Making Holiday Gift Lists that Work For You

Do you remember making Christmas lists as a kid?

I do.  I remember sitting there with the Toys ‘R Us catalog circling the things I wanted.  As I got older, I remember creating page long Christmas lists while sitting around listening to music.  If you were to go back, there would be a Christmas list from almost every year of my youth.  I never really thought that I would get everything on the list, but the idea of putting down ALL the things I wanted seemed so fun and exciting.

Unfortunately, as you get older, creating Christmas lists becomes more of a chore.  By no means am I saying that giving gifts isn’t a wonderful thing that can fill your bucket.  As you become an adult, so much more goes into creating those lists.  Who should you buy for?  What should you get them?  How much can you spend?  Are there any other options other than buying a gift?  The nitty gritty of making those shopping lists takes over, and the fun flies out the window.

So what can you do to bring the fun back to your Christmas lists?  Here are a few tips I’ve collected along the way.

  • Make them early. Sometimes, it’s best to start your Christmas lists in January.  That way, you’re thinking about them all year long, not just in the month or so leading up to Christmas.
  • Take a look at who’s on the list. Is there anyone you can talk to and agree to do something more cost effective?  Many times you can talk to a friend, and agree on a special night out after the holidays, or to exchange handmade gifts.  In my family, I’ve decided that with my brother and sister, we aren’t going to exchange gifts with each other, but we will give gifts to each other’s kids.  Chances are that many people on your list will welcome the idea of a more cost effective option.
  • Group the people on your list. Not by who they are though.  Group them by where you need to buy their gift.  Need to get something from Teavana for your mom and a few people at work?  Put them together.  Need to get a few people DVDs from Target, group them together too.
  • Know when enough’s enough. I am always guilty of not following this tip.  I am notorious for getting a gift for someone early, and then instead of moving on to someone else, getting more for that first person.  I especially do this with my kids.  We finish our shopping early, and then keep buying stuff right up to the deadline.

With these tips, making your Christmas lists can be fun again.  It’s always important to remember, Christmas is about giving, not about who got the best gift or who spent the most money.  That alone, will set you free from your lists!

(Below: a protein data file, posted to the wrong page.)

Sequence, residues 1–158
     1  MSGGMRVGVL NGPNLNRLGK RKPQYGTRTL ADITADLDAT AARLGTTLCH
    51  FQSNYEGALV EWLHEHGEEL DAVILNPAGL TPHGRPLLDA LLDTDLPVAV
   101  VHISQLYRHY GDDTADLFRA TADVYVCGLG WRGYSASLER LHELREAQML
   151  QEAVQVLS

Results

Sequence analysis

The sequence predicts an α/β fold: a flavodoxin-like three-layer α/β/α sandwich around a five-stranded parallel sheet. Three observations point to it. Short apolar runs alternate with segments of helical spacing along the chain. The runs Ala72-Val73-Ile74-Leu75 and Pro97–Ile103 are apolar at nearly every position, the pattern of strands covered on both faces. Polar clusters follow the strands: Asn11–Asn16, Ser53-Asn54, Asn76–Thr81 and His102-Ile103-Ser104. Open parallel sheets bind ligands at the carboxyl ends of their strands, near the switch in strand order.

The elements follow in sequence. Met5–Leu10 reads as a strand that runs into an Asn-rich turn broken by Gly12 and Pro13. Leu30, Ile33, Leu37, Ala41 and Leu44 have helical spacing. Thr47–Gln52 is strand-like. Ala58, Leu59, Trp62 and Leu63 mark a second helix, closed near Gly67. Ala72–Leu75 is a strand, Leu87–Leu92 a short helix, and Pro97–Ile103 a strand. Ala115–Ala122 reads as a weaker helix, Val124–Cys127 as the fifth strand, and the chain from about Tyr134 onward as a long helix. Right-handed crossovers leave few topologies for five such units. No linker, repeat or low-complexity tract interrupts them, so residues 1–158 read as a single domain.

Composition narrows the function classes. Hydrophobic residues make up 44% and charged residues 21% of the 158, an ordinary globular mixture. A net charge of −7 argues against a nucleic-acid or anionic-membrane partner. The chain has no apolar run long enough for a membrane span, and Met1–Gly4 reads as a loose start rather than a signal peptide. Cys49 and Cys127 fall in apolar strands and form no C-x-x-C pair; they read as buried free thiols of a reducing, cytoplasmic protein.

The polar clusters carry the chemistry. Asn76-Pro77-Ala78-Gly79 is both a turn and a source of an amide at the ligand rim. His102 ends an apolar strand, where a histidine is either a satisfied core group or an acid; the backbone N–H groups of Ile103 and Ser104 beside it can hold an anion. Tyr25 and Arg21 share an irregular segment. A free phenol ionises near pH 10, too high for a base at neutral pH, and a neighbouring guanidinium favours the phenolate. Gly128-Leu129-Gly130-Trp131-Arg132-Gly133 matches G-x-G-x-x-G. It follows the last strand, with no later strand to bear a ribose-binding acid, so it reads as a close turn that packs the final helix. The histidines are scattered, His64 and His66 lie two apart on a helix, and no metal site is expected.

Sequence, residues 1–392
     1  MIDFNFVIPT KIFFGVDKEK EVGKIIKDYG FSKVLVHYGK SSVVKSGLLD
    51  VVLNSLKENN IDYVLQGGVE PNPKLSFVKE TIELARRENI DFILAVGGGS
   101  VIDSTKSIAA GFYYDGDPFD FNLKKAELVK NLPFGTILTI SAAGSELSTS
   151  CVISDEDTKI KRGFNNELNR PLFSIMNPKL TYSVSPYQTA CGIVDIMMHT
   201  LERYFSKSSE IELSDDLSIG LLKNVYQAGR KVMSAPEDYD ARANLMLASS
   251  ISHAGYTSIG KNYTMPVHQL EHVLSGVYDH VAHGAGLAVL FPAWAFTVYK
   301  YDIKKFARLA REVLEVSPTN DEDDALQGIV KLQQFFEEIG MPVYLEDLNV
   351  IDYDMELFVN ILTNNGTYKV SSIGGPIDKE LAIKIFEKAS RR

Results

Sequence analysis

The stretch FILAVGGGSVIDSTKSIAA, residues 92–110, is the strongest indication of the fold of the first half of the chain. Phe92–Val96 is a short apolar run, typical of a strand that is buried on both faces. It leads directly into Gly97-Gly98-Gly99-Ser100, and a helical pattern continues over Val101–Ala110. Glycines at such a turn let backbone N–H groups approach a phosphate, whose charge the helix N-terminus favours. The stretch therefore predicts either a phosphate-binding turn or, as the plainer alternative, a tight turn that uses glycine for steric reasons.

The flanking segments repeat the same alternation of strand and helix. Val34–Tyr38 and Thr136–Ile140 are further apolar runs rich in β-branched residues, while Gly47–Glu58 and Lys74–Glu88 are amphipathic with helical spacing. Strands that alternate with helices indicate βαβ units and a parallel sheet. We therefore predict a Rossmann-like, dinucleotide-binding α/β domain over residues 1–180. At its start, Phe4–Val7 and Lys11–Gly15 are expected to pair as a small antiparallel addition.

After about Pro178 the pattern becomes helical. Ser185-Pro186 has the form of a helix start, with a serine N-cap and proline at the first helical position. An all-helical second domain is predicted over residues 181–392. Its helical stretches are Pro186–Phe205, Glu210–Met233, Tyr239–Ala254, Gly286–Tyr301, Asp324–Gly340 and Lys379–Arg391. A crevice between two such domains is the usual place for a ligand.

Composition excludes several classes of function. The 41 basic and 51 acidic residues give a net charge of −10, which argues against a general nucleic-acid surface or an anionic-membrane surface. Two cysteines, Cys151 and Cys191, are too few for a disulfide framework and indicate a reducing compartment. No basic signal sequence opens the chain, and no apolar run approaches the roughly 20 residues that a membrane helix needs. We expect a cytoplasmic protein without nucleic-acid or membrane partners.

How are you going about making your Christmas lists?  Do you have any tips to share?  Let us know in the comments below!

Aaron

Image: Salvatore Vuono / FreeDigitalPhotos.net
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3 Responses to Making Holiday Gift Lists that Work For You

  1. HappyLilGrahamCracker says:

    I am almost done with my shopping, and have been since early in the year. I have a few more gifts to get (for example, we host exchange students every year. I can’t buy for them early in the year, because many times when I do my Christmas shopping they haven’t even arrived yet, or when they DO get here, I wait until I know them well enough to get something). I also have money set aside in an envelope to buy a gift certificate. Many times, those seem to have an expiration date, so instead of buying in advance, and also instead of waiting until the last minute to find I can’t afford it, I set aside the money when I have it, and then mark on the envelope that it’s for so-and-so’s Christmas gift. Then, as soon as December hits, I take my envelopes and go to the stores I need to get my gift cards and certificates at. I also don’t buy gifts for my little brother early… what a 10 year old wants in January is very different from what a 10 year old wants in December. I simply set a budget, and set money aside, and buy the gift at the end of the year.

    Making a list in advance also helps me snatch up sales and deals. It also helps me out with getting free or almost free gifts. For example, the company I work for has a mascara my grandmother loves. For awhile last year, they had a free mascara with purchase offer, and I was able to make a purchase that I needed anyway, and get the mascara free. I’ve already got it wrapped and ready as part of her gift from me, and no one has to know I spent absolutely nothing on it. I also give small gifts to my best customers, which are typically small cosmetic items… almost all of them, I get completely free when I place other people’s orders anyway! I also get a lot of gift offers from artscow where I can get something for only a few dollars including shipping. I was able to get my mother a set of ornaments with her kids’ faces on them, and I only spent about $5.

    A lot of my shopping is just good planning.

  2. KimDS says:

    I’m terrible at it. I am a last-minute shopper and I always curse myself for it when I’m trying to find my way through busy crowds on the days before Christmas Eve. One thing I will be doing this year (in fact I already started) is to make wishlists for my kids with expansions on what they already own. Like barbie, playmobil, lego,.. The boxes in which we store those still have some room but we definitely don’t have room for yet another box or another collection! Every time after Christmas it’s a daunting task to reorganise the toys to make room for the new ones. This year I plan to aks family members to help us expand our collections and not buy knick knacks anymore… Thanks for the tips, Aaron! I will try to be more organised this year and your list helps!

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